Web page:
July 19, 2008

I Should Pay Closer Attention

BTW: Another title for this post I was toying with was "Careful. I WILL Cut You."

For a while now, Jeremy has been working with a hospital that shan't be named for privacy reasons, plus he really needs to keep his job. Anyway, as of late, he's been having user group meetings with the staff on a fairly regular basis.

This weekend, we were on an urban hike and Jeremy's hospital came up in conversation. He mentioned that one of the docs on his project is hounding him again to make sure he designs a rest room adjacent to the OR. I guess in the set up this particular hospital has now, this doc has to leave the OR, pass through the waiting area where families and others can see him to use the facilities. It's not the best situation, nor is it too sterile.

I had never heard this story. I told Jeremy this. He stopped right in the middle of our urban hike, turned to me and grabbed me by both shoulders (honest, he did) and said, "I can't believe I've never told you this before!"

Judging from his excitement, I thought I must be in for a great story. And let me just tell you, I was.

This doc, was actually an anatheseologist and he is loaded. (He's IS a doctor, but after hearing this story, I'm not so sure that's why he's rich) Years ago, this anastheseologist was in a surgery and got into a little disagreement with the surgeon. As it was told to Jeremy, he began questioning some of the surgeon's methods. Apparently the surgeon didn't like to be questioned, so after a few words tossed back and forth he took a scalpel and stabbed the anastheseologist in the lower back. The anastheseologist lost a kidney and as a result now must take frequent rest room breaks. I'm pretty sure this conflict is part of the reason this guy is loaded. Good for him.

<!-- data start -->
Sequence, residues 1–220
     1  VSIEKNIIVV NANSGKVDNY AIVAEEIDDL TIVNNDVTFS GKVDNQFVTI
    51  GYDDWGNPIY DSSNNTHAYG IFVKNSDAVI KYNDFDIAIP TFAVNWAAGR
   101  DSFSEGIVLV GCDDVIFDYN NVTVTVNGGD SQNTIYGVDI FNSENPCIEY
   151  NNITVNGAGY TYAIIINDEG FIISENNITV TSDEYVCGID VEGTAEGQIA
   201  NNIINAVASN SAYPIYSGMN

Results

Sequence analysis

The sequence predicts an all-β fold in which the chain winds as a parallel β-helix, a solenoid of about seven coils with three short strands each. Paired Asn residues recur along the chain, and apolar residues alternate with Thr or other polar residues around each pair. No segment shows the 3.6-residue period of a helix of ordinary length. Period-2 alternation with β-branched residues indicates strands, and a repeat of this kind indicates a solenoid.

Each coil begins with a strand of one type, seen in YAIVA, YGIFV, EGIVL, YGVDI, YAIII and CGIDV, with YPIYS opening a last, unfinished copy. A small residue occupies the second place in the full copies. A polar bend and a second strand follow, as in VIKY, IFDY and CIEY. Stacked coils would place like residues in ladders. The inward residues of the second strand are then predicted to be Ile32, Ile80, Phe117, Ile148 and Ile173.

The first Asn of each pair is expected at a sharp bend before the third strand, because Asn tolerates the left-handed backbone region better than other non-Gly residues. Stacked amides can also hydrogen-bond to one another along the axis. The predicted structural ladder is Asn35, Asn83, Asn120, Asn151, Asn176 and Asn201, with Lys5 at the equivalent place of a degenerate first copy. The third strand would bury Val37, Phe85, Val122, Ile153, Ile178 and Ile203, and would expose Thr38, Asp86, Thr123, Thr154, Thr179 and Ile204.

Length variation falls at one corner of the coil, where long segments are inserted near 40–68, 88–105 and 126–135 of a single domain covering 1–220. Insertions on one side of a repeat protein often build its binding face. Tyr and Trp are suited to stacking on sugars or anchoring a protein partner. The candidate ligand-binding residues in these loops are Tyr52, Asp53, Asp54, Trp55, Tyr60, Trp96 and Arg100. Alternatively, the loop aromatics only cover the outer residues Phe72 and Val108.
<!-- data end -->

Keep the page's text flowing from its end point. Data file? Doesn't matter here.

Now, as Jeremy's telling me this story, of course my eyes are like saucers and my jaw is down to the pavement. Jeremy is just looking at me and knodding and saying, "I know. I know. Can you believe it?"

The cynical side of me skipped right over all the pain and incovinience that this doc has certainly suffered over the years and landed right to the point in time when the family of the loved one that was being operated on by the surgeon was sitting in the waiting room.

Can you imagine after waiting for hours for the attending physician to walk down the hall to tell you that your loved one had a smooth surgery and is now recovering nicely, you hear these words, "Well, first, let me tell you that while the surgery DID take a little longer than expected, everything is fine. Oh, by the way, sometime during the first part of the procedure your surgeon stabbed the anesthesologist and now HE's in surgery."

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